A growing obsession

Columnist Shannon McKinnon takes a break from gardening, sort of.

This summer I took three days away from gardening and used them to go on three garden tours. Good grief, hey? You know you’ve let yourself become a tad consumed when you use your only days away from gardening to look at gardens!

Another clue was the afternoon I came in from the garden, plopped down beside Darcy on the couch and started watching a Blue Jays game. Instead of getting caught up in the strikes and runs, I started thinking about how much time they spend playing ball. Unlike hockey, ball season starts at seeding time and continues right through to harvest. The more I thought about it the more unsettled I became until finally I blurted out, “It must suck to be a ball player. How do they find time to garden?”

Darcy just stared at me in that way he has that always makes me worry about myself. I realized I have entered a dangerous obsession zone where I think everyone is either doing what I am doing or wants to. My only excuse is gardening not only gives me exercise and stress release, but it provides us with most of our vegetables and berries for the year and it is the subject I use to make part of my living writing for garden magazines. It is both my work and my play.

I do believe everyone benefits from a walk in a park or a stroll through a botanical garden. The simple act of taking off your shoes and feeling sand or grass on your bare feet can lift your mood faster than a year’s worth of planting your butt on a therapist’s chair. But while we all need nature in our lives, we all don’t need to control it. And like it or not, that’s what gardening is. Controlling a piece of earth all the while knowing our little Eden is only borrowed, never bought. It’s kind of like building sand castles. You race around packing water, shaping the sand, creating grand designs and you are incredibly happy; but in the end the tide reclaims your castle — turrets, moats and all.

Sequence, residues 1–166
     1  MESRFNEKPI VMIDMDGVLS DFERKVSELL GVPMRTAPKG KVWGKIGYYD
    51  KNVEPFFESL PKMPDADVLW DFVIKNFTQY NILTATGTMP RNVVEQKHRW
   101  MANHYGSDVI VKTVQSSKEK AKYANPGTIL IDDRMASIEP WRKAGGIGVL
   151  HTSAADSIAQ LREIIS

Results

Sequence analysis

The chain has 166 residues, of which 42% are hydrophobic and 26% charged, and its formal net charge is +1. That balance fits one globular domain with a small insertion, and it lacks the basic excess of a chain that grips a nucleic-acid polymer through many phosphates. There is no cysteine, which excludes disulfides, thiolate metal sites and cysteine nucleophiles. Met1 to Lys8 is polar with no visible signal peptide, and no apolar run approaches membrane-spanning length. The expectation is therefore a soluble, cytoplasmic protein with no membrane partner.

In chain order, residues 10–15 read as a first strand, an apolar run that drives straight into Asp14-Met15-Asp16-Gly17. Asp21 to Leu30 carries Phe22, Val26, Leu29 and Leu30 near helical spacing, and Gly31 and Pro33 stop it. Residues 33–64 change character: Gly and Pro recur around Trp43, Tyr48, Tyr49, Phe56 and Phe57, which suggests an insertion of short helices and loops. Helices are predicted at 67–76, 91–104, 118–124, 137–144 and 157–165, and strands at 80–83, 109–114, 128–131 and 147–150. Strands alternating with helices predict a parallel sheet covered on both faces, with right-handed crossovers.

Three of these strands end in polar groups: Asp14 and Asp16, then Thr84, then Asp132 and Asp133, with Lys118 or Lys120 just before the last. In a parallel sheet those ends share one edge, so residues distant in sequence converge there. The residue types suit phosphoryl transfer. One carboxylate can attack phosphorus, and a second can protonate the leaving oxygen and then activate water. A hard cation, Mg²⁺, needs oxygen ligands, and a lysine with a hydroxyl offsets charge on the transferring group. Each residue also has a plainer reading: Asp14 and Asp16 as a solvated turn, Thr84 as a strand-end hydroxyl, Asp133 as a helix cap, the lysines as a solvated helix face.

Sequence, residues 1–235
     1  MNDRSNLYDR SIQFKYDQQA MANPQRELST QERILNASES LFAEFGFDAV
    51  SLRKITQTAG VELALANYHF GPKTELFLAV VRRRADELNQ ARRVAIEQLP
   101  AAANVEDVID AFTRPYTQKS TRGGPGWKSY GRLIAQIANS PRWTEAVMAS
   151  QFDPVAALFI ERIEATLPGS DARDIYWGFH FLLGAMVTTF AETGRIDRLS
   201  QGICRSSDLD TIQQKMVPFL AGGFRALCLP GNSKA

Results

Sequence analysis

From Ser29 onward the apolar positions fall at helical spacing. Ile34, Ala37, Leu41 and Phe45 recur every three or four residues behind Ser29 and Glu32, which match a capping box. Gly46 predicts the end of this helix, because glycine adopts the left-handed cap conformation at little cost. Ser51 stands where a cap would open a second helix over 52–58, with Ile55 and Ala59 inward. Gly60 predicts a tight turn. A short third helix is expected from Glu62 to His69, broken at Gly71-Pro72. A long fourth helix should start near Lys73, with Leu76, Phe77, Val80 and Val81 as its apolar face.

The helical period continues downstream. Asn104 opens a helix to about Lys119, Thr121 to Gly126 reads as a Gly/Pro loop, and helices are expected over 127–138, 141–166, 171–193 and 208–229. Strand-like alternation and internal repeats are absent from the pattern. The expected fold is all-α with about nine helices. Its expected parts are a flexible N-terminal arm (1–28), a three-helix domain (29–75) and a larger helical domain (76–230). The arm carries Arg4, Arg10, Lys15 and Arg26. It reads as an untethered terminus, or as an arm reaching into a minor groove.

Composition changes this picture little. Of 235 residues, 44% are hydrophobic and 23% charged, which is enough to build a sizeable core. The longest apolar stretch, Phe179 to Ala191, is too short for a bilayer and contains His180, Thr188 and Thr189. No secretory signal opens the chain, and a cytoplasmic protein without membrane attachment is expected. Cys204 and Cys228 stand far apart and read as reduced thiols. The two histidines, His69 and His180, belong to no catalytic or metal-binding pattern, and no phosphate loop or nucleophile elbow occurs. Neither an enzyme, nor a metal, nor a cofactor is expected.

The whole east side of my garden is edged with forest. While I’m racing about with my wheelbarrow, buckets of water, pots of plants, packets of seeds and a head filled with plans, I imagine nature watching my activity with amusement. It sends runner roots of willows and poplars into the perennial beds. It blows seeds in on the wind, while others are woken from decades of slumber by my spade. On summer nights I fall into bed exhausted beyond belief, but pumped with the euphoria of watching my plans slowly come together. Of course, in the end it’s all for nothing. If I walked away from my garden within a month the vegetable garden would be lost to weeds. In a year grass would have a stranglehold on the perennials. In five years only the rugosa roses, peonies and monkshood would remain as evidence a gardener once passed through.

This doesn’t make me sad. I am glad nature wins in the end. When I want something for a difficult spot I try to use material that comes in on its own from the woods; a patch of wild roses or a clump of white yarrow have been granted space in my garden while a robust patch of fireweed and goldenrod lurk along the southern edge. I eye them uneasily as they bubble with energy, no doubt discussing their conquest strategies long into the night. One corner has been completely taken over by bluebells. Every summer I consider ripping them out, but in the spring they are prettier than any of my pampered spring bloomers. So I suppose the takeover has already begun in a sort of Trojan horse kind of way. Nature is beguiling me with beauty while hiding its robust reclaiming roots from view. No matter. If my whole flower garden turned wild, I wouldn’t mind. I might even prefer it. The vegetable patch, however, is another matter. No matter how gorgeous they might be, if they venture through those gates it’s off with their heads!

As for the three garden tours, I was blown away by the green thumbs quietly working their magic in pockets of the Peace. Despite being in Zone 2b and having one of the hottest, driest, summers on record the gardens were amazing. I didn’t walk away from a single one without a new idea. Over the next few weeks I will be sharing pictures from all 20 gardens at www.peacecountrygardens.com. So come on by, kick off your shoes and treat yourself to some botanical eye candy; no weeding required.

Shannon McKinnon is a humour columnist from Northern BC. You can catch up on past columns by visiting www.shannonmckinnon.com.

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